The collection contains the four editions of all tractates of the Talmud, published by Daniel Bomberg in the years 1520-1549.
through sermons, but, surprisingly enough, not by absolute prohibition. The influences of pagan music increased toward the Talmudic period, while the halakhic prohibitions waned. This paradox requires an explanation. In our opinion, the way the sages treated pagan music was one aspect of their complex
The Prophets of Scripture are subverted by the Rabbis of the Talmud and Midrash. In the Rabbinic canon the Prophets are represented as a mass of proof-texts, made up of one clause or sentence at a time. Scripture’s prophetic writings cited in clauses and phrases in the Rabbinic canon lose their
significant literary departure from the pattern. Second, while the other Angel of Death narratives teach about the lifetime process of tikkun hanefesh , 1 this story is about a “final tikkun,” a related yet categorically different concept. The Angel of Death motif creates a bridge between the two Talmudic
1. “The Talmud and all of its expansions form the backbone of Jewish tradition.” Thus Krochmalnik in his entry on → Judaism. The Talmud (Heb., talmud, ‘study,’ ‘instruction,’ ‘doctrine’) is appropriately described as the compendium of the life and teaching of Judaism since the end of ancient times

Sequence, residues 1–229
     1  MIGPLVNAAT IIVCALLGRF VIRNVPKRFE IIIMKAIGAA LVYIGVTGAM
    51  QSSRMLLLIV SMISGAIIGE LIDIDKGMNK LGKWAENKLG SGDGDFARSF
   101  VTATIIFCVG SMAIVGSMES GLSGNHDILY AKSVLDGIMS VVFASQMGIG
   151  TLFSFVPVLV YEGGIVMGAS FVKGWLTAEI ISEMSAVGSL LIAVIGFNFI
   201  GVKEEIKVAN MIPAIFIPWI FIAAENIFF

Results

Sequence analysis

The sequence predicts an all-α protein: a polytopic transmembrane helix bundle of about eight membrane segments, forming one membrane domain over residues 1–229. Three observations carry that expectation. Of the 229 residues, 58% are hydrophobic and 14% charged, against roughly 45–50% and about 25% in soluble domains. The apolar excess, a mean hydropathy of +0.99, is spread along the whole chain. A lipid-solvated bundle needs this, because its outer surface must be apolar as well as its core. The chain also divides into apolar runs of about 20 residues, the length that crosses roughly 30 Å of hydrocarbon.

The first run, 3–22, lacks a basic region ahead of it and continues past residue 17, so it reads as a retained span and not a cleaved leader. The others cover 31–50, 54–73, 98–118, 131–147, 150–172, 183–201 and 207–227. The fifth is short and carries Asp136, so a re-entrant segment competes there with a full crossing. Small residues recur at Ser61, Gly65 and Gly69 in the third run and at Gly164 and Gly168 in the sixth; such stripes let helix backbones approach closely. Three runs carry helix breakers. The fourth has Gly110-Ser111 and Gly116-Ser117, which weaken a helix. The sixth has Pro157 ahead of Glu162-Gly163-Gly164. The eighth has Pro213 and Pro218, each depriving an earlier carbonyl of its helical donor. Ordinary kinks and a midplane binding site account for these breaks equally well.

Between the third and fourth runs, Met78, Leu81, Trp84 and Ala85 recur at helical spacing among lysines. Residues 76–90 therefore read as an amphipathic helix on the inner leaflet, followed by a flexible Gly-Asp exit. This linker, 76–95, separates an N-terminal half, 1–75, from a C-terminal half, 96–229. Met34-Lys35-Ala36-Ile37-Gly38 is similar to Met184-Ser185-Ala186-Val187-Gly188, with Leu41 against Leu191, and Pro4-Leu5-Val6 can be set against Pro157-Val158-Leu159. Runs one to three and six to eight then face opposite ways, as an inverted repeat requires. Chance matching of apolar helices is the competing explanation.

[German Version] Talmud (derived from למד/lamad, “to learn,” or limmad, “to teach”) signifies “study, instruction, teaching” (as first attested in Qumran: 4QpNah II 8), and more specifically the commentary on the Mishnah in the Talmud Bavli (b; see below II) and the Talmud Yerushalmi (y; see below
Der Talmud – überliefert in zwei unterschiedlichen Werken als palästinischer und als babylonischer Talmud – ist das literarische Gründungsdokument des nachbiblischen Judentums und der rabbinischen Traditionsliteratur. Das umfangreiche und über einen Zeitraum von mehreren Jahrhunderten hinweg in der
The Talmud (Heb. lmd, “learn, teach”), strictly talmûd tôrâ, “study/teaching of the Torah,” is the main work of rabbinic literature. It consists of the Mishnah (the earliest authoritative rendering of Jewish oral laws, mostly in Hebrew) and the Gemara (Aram. gemar, “study, complete,” a rabbinic